A CASE STUDY OF ARNOLD-CHIARI MALFORMATION IN AN ADULT PRESENTING INITIALLY WITH RESPIRATORY FAILURE
Guthrie, Michael A. (The Graduate Hospital, Philadelphia, PA, USA)
Jacob, J (Mediplex Rehabilitation Hospital, Marlton, N J, USA)
Bonner, Francis J. (The Graduate Hospital, Philadelphia, PA, USA)
With Type 1 Arnold-Chiari malformations the patients are usually asymptomatic until late childhood or early adulthood. Symptoms may include increased intracranial pressure, progressive cerebellar ataxia, syringomyelia, frontal and occipital headaches, and downbeat nystagmus. Patients may also show a combination of disorders of the lower cranial nerves, cerebellum, medulla and spinal cord. Complicating presentations may include sleep apnea and even respiratory arrest or failure. We present a twenty-eight year old female who was admitted for respiratory and general rehabilitation status-post pneumonia and respiratory failure. Her medical history was remarkable for sleep apnea, headaches, vertigo, and progressive ataxia over four years. On admission she continued to complain of these symptoms, as well as left upper extremity tingling, and left lower extremity weakness with proprioceptive deficits. In therapy sessions she was easily fatigued, and exhibited severe ataxia. A sleep study documented severe sleep apnea. We also ordered a diagnostic magnetic resonance imaging (MRI) study of the brain which revealed an Arnold-Chiari Type 1 malformation with a syrinx of the cervical and the upper thoracic cord. While initial diagnosis of Arnold- Chiari Syndrome in a rehabilitation setting is rare, it should be considered in patients presenting with respiratory insufficiency, sleep apnea, in conjunction with ataxia of unknown etiology.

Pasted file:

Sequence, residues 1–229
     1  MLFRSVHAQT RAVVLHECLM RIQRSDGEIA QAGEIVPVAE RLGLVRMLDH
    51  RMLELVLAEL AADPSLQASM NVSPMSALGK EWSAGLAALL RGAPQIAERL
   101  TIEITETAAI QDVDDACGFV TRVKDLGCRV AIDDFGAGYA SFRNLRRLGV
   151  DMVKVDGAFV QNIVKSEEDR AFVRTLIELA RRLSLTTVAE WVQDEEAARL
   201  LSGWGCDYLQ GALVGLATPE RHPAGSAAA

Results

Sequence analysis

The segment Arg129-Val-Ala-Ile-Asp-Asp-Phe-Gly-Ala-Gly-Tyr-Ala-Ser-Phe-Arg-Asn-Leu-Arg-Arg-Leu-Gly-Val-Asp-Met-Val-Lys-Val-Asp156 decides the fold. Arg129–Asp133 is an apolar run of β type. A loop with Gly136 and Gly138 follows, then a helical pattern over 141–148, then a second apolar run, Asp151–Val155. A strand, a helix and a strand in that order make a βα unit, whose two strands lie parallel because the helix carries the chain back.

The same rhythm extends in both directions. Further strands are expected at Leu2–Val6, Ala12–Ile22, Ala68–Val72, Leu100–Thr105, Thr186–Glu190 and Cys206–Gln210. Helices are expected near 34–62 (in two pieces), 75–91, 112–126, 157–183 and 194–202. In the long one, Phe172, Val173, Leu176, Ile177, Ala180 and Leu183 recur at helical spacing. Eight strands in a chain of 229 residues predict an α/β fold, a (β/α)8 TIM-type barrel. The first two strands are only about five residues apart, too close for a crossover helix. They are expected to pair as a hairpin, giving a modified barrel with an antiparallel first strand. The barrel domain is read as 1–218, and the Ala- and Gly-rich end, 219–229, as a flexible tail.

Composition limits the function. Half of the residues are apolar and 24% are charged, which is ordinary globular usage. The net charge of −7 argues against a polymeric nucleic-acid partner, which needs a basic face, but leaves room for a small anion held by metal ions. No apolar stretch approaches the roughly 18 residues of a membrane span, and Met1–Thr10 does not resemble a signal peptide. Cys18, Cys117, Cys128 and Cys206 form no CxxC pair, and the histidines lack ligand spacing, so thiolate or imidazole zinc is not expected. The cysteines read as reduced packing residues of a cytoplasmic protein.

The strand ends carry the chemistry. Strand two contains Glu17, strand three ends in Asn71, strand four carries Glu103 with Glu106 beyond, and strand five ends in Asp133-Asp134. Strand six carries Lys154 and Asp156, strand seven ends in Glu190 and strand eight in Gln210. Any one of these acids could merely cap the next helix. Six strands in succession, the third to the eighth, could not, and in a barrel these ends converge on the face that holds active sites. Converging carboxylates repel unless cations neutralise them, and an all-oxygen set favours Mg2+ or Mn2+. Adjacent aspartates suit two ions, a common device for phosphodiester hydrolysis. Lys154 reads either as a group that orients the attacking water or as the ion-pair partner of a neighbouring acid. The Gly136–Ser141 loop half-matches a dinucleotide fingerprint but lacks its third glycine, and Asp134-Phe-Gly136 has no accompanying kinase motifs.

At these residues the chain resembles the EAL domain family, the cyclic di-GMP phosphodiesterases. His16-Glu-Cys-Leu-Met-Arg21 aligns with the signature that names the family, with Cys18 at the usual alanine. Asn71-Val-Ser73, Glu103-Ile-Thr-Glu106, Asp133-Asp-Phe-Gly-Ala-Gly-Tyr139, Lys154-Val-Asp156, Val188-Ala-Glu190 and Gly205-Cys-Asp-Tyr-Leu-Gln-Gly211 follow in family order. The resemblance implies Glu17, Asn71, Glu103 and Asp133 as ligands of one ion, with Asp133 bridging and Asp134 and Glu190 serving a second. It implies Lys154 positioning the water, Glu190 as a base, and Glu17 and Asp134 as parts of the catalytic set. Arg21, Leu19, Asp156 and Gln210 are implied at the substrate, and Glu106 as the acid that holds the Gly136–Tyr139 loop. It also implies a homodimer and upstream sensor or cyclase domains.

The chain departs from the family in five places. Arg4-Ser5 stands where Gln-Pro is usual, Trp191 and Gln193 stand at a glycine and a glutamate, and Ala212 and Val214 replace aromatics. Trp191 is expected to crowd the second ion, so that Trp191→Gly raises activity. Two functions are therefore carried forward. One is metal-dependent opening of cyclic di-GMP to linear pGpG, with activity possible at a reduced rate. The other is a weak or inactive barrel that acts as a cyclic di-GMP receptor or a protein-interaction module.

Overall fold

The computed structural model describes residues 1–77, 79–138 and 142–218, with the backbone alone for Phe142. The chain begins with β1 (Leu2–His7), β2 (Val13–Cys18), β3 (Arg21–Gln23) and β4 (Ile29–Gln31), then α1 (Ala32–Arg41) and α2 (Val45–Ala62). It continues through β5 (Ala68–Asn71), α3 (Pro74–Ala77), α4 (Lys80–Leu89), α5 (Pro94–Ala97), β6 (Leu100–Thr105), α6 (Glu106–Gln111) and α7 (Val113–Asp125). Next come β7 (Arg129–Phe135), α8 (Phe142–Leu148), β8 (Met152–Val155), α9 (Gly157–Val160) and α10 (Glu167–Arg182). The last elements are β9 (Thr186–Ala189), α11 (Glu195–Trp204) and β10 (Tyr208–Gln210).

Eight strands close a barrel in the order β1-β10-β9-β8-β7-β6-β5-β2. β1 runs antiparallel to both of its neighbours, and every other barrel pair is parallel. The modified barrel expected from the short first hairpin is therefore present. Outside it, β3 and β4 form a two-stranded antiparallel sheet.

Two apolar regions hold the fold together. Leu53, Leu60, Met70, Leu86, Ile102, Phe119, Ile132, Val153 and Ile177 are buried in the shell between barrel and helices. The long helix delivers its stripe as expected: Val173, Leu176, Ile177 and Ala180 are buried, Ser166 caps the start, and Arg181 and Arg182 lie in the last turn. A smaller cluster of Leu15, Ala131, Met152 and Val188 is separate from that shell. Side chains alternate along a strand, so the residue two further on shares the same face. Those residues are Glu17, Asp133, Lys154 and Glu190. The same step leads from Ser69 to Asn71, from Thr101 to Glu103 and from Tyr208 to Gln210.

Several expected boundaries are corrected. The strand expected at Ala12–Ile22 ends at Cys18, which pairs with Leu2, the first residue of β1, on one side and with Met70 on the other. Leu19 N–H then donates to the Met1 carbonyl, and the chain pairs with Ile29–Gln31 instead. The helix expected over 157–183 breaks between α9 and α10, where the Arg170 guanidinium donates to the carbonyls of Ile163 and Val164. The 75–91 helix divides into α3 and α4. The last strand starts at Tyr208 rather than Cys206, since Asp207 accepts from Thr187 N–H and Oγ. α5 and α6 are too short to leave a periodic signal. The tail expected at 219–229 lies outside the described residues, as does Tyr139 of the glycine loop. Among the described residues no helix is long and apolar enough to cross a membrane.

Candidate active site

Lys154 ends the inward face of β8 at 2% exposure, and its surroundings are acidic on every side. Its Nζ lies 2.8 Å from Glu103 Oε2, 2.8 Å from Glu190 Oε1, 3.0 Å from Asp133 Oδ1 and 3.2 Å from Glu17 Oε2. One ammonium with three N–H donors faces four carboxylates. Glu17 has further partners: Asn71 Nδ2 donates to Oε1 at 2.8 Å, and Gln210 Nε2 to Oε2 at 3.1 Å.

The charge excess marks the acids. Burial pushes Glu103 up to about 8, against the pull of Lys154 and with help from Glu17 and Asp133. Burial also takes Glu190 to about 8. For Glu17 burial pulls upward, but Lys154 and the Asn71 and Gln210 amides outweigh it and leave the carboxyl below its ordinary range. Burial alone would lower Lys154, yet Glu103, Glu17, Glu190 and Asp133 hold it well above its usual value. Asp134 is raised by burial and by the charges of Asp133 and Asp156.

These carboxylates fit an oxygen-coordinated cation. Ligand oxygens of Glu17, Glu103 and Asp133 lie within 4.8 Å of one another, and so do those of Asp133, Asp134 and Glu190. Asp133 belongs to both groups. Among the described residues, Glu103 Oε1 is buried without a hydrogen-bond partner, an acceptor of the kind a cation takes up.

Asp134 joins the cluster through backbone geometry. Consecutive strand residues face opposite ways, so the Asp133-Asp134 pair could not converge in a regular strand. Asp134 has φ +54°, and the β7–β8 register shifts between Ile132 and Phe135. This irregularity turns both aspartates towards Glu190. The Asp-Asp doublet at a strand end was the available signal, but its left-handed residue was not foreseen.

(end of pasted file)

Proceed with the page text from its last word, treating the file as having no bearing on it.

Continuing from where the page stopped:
WALKING ABILITY IN ELDERLY PATIENTS WITH ACUTE MYOCARDIAL INFARCTION
Haruki Musha (St. Marianna University, Kawasaki, Japan), Takehiko So, Yoshihiro Masui, Tomoyuki Kunishima, Fumihiko Eto, and Masahiro Murayama
Purpose: This study investigated the improvement of walking ability with cardiac rehabilitation in elderly patients with acute myocardial infarction.
Methods: Cardiopulmonary exercise testing and a 10m walking test were performed in 20 elderly patients at 1 month, 3 months, and 6 months after acute myocardial infarction.
Results: Peak Vo2 was 19.0±4.1 ml/min/kg at 1 month, 19.9±4.1 ml/min/kg at 3 months, and 23.7±3.5 ml/ min/kg at 6 months. Peak Vo2 increased significantly between 3 and 6 months. The 10m walking time did not change, being 6.4±1.5 sec at 1 month, 6.0±1.1 sec at 3 months, and 5.8±0.8 sec at 6 months. The walking time for patients in their 60s was 5.9±1.1 sec at 1 month, 5.9±0.8 sec at 3 months, and 5.7±0.9 sec at 6 months, while the times for patients in their 70s were 7.3±1.6 sec, 6.2±1.5 sec, and 6.1±0.6 sec, respectively. The time difference between the patients in their 60s and 70s was significant at I month, but decreased at 3 and 6 months.
Conclusion: Patients in their 70s with acute myocardial infarction showed improved walking ability after cardiac rehabilitation along with improving exercise tolerance.